Driftwood

I remember when I first found out that malignant cells were spreading inside my grandmother lungs. I didn’t cry or bat an eyelid. I froze.

Over the next few months as my grandmother suffered through small cell lung cancer and coughed up her rapidly dissolving lungs, I refused to acknowledge what was happening to her. I just stared vacantly into the distance until my eyes were red and my vision blurry. Even when her torment finally ended with her passing into the night, like Meursault in Camus’ L’Étranger, I refused to weep. Heaviness set over me as I consigned her body to the flames. I bit my lower lip until I drew blood. But I didn’t feel physical pain. I was cold and lifeless.

Still it comes. It never fails.

A few days later when all the immediate rituals had been performed and all the guests had left, a letter made its way from the U.S. I tore open the envelope and began reading. It was a letter informing me that I’d been admitted into a PhD program that summer. I still clearly remember being unable to finish reading the letter. I broke down and sobbed inconsolably.

And so the waves come crashing down on us. With marriage. With graduation. With a job or a promotion. On buying a house. With the first steps of an infant. With the scaling of every personal Mount Everest.

There is no unalloyed joy in this world, no hope, no freedom, no solace – once you have lost someone you truly love.

Who will pat us on the back when we do the right thing? Who will scold us when we go astray?

As we grow older will we be able to fill the shoes of those who taught us to walk? But how can we ever fill the shoes of those whose footprints remain etched permanently on soles?

And so we age. The furrows form. The hair grays. We wise up just enough to regret the passing of our innocence.

My better half sees her father in dreams in which she asks if he has taken his medicine. She awakens from such vivid visions disoriented. Disorientation soon gives way to somber mourning. The punishing ceremony repeats itself without fail. There is no respite.

Whoever said coping got easier with time was a liar.

Every remembrance reinforces a gnawing emptiness. The passing of every loved one brings back the unbearable burden of the loss of the cumulative.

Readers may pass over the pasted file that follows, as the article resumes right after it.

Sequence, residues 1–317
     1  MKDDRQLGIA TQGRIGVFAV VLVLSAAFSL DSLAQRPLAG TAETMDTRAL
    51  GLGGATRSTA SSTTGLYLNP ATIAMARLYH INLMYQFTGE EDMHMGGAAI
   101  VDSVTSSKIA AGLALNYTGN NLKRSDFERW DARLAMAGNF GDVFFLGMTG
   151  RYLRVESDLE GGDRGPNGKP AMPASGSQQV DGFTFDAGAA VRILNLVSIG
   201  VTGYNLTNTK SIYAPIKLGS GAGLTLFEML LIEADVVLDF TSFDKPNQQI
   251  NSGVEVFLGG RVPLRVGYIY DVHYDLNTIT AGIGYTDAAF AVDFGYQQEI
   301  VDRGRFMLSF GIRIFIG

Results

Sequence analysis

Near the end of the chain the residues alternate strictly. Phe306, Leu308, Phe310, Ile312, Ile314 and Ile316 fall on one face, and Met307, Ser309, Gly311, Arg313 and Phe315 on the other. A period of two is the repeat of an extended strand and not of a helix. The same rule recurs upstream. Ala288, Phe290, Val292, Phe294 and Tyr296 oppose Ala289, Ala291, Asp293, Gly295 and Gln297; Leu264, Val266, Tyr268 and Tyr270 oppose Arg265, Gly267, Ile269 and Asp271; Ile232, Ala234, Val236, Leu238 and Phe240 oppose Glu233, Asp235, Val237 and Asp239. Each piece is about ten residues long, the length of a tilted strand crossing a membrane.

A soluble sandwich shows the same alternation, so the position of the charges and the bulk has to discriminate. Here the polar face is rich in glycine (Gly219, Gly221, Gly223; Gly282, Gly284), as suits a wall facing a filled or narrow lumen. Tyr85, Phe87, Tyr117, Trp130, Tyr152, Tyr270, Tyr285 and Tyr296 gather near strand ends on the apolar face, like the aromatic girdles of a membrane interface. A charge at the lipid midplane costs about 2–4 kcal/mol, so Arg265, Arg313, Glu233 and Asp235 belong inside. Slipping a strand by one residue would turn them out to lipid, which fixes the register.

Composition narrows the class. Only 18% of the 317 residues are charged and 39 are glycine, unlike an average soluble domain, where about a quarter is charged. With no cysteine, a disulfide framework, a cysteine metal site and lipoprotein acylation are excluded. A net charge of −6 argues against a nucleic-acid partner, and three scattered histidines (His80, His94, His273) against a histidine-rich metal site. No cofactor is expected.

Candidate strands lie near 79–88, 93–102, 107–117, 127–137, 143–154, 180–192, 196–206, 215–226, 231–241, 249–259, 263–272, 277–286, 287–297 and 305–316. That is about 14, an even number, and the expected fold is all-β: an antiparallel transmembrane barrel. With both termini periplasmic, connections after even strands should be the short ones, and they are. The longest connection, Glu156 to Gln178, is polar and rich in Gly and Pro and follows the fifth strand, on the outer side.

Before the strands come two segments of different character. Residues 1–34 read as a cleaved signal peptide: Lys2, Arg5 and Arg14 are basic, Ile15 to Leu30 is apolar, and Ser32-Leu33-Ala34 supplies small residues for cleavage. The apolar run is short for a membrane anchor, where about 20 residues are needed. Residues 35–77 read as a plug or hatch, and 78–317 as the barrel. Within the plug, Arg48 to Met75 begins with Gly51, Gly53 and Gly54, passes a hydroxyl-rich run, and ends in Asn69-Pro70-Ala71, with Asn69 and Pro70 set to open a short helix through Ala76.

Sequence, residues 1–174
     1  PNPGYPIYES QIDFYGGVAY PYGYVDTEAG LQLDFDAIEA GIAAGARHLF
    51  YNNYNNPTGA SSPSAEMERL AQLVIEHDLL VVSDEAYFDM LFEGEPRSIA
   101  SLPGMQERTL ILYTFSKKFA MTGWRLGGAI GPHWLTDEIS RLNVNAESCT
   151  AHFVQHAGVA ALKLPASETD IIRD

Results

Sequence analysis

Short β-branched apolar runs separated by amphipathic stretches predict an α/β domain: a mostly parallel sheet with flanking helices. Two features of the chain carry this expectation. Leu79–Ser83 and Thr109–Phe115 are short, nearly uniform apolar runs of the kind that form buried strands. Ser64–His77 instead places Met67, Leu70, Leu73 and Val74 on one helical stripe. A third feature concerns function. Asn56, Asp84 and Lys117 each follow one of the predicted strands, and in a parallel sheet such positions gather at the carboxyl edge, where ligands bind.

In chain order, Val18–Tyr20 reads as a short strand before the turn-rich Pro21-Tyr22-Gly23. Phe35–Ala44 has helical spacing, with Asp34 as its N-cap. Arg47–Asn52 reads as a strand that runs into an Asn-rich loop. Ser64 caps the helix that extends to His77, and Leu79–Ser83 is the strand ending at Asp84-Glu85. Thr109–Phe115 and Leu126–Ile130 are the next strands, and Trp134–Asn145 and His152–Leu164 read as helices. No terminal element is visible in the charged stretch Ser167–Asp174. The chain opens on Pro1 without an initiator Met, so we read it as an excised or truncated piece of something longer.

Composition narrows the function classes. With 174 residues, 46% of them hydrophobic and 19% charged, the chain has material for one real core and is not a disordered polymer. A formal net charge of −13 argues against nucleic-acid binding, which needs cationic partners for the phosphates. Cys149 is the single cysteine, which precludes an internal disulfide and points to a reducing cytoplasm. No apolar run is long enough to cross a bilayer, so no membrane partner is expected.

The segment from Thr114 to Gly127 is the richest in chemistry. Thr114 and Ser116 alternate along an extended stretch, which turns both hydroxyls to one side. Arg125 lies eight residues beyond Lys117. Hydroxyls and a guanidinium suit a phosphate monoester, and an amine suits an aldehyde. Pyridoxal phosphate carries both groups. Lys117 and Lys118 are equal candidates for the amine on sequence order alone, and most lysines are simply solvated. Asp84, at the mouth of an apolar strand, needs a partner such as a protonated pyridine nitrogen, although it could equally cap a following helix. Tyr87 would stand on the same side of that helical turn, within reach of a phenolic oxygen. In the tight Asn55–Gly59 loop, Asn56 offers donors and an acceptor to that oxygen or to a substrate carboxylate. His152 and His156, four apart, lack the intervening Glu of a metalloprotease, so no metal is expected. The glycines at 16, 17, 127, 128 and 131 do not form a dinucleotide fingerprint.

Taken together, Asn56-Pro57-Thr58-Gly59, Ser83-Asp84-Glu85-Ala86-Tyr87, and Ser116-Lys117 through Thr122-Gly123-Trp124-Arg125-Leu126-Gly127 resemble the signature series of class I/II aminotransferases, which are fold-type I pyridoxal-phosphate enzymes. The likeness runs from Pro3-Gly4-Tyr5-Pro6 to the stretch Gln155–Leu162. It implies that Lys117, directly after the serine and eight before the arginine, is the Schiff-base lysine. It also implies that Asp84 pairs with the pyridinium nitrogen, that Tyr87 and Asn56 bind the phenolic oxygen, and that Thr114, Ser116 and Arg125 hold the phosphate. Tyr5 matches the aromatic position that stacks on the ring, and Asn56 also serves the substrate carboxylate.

Living in exile feeds into morbid fears easily, because deeply personal tragedies are conveyed through the cruelly impersonal telephone. Over time you begin to fret receiving any phone call from anyone you know. You assume that if no one can touch you, then nothing is disturbed. Everything is as you left it.

On weekends you call relatives up. Just as they state the plain truth that they are getting older, you either bluff your way through the conversation by telling them that nothing will ever happen to them or you berate them for not taking better care of themselves. The deception and the anger are your strange way of compensating for the impotence of not being able to do anything at all.

One day you are speaking to a loved one. The next day he or she is gone forever. You know that tomorrow it could be someone else. And the day after, it will be someone else. And one day it will be you.

And that will be that.

And so you focus on the precise. On the mechanical.

You roll back clocks at the designated hour. You neatly smooth over bed-sheets with your hands and tuck in loose ends. You sort laundry by color and material. You argue over wind chill and heat index. The time it took a certain batsman to score a century in his third test match. The average school-exam score for admission to a college you never attended. The price of onions today compared to what the price was ten years ago.

And in solitude you brace yourself for the next wave and the driftwood it will wash ashore without any sense of when it will strike.